Turbo Kid ★★★★

This is my Gnomestick!

I don't know if it was the fact that my theater did a double feature with Kung Fury, or the crowd I was with, or possibly both, but Turbo Kid is by far some of the most fun I've had in a theater this year. Neon-lit drink cups in hand with glowstick headbands, we were all cheering throughout both films at the best moments, and Turbo Kid proved to be as delightfully gory as I had hoped it would be.

It's a completely self-aware tribute to classic 80's scifi, taking place in "the future, the year 1997," where a mysterious nuclear fallout has wiped almost all of humanity and the straggling survivors are left to fend for themselves. A lot of elements pay tribute to the Mad Max series, including the insane brutes who chase our protagonists through their journey. Apple is an eccentric blonde who attaches herself to the unnamed protagonist, who eventually dons the nom de guerre "Turbo Kid," in tribute to a comic series he's a huge fan of. Turbo Kid comes across a Power Glove that shoots epic 80's laser beams, lovingly animated in the primitive special effects style of the time.

Turbo Kid is an immensely satisfying gorefest, packed to the brim with intense, edge-of-your-seat action and memorable characters hallmarked by classic physical attributes. Zeus (Michael Ironside), the villain, is a one-eyed menace who hobbles about on a five iron and maniacally turns human bodies into drinking water. Frederic is an Aussie arm wrestler with a past of his own. Apple is a delightfully quirky loner who falls in love with our hero. I feel like Munro Chambers (who played Turbo Kid) could have easily been replaced by Michael Cera and the character would have lost nothing. He emulated the quirky characteristics that Cera displays so well that it almost felt like I was watching a Michael Cera film.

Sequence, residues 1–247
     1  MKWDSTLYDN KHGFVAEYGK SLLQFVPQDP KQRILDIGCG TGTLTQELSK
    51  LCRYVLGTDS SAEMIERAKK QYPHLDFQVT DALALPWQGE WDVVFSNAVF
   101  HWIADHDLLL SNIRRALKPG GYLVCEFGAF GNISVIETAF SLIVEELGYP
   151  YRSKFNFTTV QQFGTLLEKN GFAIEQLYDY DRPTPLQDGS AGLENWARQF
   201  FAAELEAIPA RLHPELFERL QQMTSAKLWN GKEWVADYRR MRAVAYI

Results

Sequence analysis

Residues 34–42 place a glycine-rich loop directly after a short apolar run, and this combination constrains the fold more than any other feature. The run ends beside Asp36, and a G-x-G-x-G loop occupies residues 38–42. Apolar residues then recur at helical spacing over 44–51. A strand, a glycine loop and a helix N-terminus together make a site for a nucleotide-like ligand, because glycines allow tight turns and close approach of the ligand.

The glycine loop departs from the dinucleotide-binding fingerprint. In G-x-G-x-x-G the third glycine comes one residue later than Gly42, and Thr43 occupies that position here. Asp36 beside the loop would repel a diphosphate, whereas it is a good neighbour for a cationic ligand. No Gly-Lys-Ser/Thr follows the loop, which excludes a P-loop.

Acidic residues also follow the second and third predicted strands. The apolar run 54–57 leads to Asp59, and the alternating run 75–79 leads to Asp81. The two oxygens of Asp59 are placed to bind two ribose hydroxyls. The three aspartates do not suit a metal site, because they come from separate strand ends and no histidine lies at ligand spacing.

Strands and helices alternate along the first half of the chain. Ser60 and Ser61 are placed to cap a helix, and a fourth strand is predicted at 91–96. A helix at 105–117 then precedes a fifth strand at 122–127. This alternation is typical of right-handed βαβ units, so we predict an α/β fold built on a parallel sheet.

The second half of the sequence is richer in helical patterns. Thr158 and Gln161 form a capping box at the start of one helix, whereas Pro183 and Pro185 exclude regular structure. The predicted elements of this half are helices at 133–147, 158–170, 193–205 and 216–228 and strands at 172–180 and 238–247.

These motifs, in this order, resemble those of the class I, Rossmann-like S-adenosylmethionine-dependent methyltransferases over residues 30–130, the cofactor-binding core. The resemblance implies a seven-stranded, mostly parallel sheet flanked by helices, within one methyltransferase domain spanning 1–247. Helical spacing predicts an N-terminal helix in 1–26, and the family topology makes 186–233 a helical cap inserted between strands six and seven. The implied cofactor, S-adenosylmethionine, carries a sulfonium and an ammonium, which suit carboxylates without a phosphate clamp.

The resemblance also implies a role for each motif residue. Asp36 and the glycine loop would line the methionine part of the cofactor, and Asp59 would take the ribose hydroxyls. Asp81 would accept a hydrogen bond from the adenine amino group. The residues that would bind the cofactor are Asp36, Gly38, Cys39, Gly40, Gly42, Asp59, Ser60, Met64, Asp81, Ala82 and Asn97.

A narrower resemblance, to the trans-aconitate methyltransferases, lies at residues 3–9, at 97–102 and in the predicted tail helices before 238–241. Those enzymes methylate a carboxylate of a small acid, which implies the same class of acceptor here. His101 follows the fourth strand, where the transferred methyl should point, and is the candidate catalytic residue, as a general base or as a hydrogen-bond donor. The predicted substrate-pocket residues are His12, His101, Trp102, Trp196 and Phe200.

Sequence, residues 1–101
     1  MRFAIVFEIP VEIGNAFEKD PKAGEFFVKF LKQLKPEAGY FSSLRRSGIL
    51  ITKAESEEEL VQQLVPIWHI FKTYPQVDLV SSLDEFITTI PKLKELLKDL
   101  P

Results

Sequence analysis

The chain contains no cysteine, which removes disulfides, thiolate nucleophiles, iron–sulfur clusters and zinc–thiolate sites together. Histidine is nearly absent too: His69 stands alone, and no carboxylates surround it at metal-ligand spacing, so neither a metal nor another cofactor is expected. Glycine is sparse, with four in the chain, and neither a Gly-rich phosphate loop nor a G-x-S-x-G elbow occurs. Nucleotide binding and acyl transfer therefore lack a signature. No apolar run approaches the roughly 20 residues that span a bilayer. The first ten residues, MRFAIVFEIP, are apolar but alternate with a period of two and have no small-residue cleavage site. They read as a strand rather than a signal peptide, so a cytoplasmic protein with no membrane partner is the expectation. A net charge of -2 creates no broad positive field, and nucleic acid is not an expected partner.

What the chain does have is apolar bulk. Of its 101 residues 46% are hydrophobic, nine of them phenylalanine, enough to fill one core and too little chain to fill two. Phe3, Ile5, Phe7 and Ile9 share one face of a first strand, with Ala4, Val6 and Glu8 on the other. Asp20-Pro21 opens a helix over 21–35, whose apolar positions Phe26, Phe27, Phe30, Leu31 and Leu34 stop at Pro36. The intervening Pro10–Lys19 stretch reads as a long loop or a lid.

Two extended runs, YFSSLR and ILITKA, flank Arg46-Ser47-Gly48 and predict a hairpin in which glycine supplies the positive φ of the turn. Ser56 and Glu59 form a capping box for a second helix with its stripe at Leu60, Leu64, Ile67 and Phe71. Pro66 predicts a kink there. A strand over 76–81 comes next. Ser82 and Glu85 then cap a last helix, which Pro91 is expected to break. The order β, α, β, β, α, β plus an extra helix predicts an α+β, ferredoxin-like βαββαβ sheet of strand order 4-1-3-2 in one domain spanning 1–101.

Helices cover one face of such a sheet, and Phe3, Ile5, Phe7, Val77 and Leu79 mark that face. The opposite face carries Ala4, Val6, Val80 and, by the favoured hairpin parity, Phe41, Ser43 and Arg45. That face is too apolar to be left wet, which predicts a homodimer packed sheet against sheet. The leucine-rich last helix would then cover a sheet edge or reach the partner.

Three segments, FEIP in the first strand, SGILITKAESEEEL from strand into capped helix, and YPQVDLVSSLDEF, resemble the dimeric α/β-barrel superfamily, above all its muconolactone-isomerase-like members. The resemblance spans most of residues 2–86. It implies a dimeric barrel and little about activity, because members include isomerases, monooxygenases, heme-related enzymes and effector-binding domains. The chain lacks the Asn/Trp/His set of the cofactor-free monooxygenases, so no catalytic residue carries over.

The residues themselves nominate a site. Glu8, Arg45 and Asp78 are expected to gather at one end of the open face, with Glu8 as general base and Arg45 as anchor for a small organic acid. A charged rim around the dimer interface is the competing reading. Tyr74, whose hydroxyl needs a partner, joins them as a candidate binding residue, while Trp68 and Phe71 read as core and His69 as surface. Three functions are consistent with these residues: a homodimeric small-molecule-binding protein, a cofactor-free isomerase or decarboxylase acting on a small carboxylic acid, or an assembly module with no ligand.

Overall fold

I guess I'm a sucker for 1980's tributes, given how much I ended up loving Turbo Kid. The soundtrack was so spellbinding, and the plethora of stupid 80's tributes made it that much more awesome. The story may be fairly basic, and had this not been a full-on 80's tribute, it definitely would have had no chance of working. Fortunately, the directors use their main draw in a spectacular fashion, and what results is an amazingly fun time. Doing a double feature of this with Kung Fury is a perfect idea, so should you ever come across this film, I recommend watching them consecutively, preferably KF first. It will help you appreciate the complete 80's-gasm that's within this film so much more.

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